South Carolina

March 27, 2013

Dr. Walter Edgar’s life’s passion is SC history

Dr. Walter Edgar knows South Carolina. Though not a “native son,” he has dedicated most of his life to the study of the state’s rich and complex history.

Dr. Walter Edgar knows South Carolina. Though not a “native son,” he has dedicated most of his life to the study of the state’s rich and complex history. Along the way, Edgar, has written or edited several books on South Carolina and has taught and lectured on the state’s intriguing past.

Retired from teaching, Edgar continues as the host of the popular “Walter Edgar’s Journal” on ETV Radio.

Phil Noble spoke with Edgar about South Carolina’s history and what it can tell about our future.

Q: Your work always seems to have a theme of “community” in leadership

Knowing one another as a small state has really helped during some difficult times. I’m thinking 1963, which I like to think of as the “Year of Decision” when strong black leadership and strong white leadership decided that South Carolina was no longer going to be a segregated state .... That took a lot of trust across racial divides, particularly given what was happening elsewhere. And then again in 1971 when the unitary school system came. It took folks knowing one another to make that work. I think those are two proud moments in South Carolina’s history.

Q: South Carolina was once one of the richest and most prosperous states in the world. Talk about this historical prosperity and how it can translate to today.

In the Colonial Era, South Carolina was the wealthiest of the 13 colonies. It already had a favorable balance of trade with England, which meant capital was being accumulated here. Which meant it was also being invested here. In 18th century South Carolina people were willing to take a risk. ... People talk about the global economy but South Carolina was a part of the global economy from the very beginning. One of the differences between then and now is in the 18th century and into the 19th century, after the Civil War, the colonial government and the state government was willing to invest in things like infrastructure. All of those cuts and canals and early roads and ferries were built by the colonial government to help get products to market. ... In the 21st century you don’t think so much in investing in infrastructure although, we sure do need it. Look at t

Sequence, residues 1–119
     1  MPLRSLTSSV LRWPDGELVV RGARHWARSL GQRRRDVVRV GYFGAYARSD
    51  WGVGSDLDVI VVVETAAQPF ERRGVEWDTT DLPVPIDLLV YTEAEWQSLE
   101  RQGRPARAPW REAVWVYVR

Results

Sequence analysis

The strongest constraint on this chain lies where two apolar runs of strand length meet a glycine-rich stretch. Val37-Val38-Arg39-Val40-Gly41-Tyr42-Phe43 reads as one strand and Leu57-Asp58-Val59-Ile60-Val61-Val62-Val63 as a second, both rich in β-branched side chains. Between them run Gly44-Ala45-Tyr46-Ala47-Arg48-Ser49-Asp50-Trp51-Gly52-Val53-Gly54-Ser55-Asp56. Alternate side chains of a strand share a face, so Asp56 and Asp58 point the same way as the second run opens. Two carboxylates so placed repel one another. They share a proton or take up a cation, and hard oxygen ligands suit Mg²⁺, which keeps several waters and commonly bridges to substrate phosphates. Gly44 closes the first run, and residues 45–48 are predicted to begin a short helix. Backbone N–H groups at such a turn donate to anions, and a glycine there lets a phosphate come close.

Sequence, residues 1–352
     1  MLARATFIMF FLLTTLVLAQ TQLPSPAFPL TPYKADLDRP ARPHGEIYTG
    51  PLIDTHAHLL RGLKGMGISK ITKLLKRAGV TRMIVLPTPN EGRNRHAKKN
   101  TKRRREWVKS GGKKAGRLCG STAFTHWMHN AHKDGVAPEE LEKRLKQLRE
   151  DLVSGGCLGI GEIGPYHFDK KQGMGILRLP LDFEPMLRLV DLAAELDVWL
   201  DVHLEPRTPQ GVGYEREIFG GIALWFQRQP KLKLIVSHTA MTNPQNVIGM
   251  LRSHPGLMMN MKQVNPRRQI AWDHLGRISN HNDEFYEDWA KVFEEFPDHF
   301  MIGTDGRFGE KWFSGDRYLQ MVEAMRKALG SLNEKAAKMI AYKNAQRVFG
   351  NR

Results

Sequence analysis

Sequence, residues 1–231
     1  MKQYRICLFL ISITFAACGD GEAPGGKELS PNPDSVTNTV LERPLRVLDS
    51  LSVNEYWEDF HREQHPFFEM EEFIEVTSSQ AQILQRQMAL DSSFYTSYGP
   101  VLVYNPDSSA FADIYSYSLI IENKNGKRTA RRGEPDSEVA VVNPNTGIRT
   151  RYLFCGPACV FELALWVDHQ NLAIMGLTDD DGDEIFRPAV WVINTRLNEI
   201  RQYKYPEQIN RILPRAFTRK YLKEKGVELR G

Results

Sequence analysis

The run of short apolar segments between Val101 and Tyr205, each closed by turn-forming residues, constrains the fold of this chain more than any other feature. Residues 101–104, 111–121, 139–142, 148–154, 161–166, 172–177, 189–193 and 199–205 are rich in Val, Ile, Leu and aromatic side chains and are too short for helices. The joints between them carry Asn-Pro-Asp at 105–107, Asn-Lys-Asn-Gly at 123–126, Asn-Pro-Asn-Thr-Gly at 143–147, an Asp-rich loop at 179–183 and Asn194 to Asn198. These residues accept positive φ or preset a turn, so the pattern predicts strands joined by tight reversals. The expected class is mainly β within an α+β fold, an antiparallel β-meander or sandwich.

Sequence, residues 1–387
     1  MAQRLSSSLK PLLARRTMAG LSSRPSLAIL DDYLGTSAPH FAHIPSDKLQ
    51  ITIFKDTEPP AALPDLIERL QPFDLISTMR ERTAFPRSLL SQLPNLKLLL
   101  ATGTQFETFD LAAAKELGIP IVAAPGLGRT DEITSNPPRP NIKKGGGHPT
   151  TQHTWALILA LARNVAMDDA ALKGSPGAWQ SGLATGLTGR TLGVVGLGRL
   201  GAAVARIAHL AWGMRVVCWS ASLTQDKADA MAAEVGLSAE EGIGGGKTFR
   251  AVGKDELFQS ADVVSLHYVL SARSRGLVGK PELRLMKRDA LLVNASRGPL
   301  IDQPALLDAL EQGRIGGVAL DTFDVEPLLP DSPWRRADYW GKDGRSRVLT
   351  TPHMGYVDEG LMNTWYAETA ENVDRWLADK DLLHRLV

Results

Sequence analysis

he status of our roads.

Q: In looking at the next stage of our economy as we move from the agricultural/ textile manufacturing industries to the digital age, what do we need to be focused on in order to become an economic power again?

Education. We’ve got to invest. It’s not a question of taxation. It’s a question of investment. And I’d put right behind that, we need to get our infrastructure in better shape and we’re talking about roads, bridges. ... It might be nice to have BMW up there in Greenville, but if the highways aren’t working properly between there and Charleston, people can decide, “We’ll go to the Port of Savannah. We’ll go to the Port of Georgia.” We’ve got to invest in South Carolina. That’s not a dirty word. ...

Q: What is it that has happened over the last “X” amount of years where that community leadership consensus has broken down?

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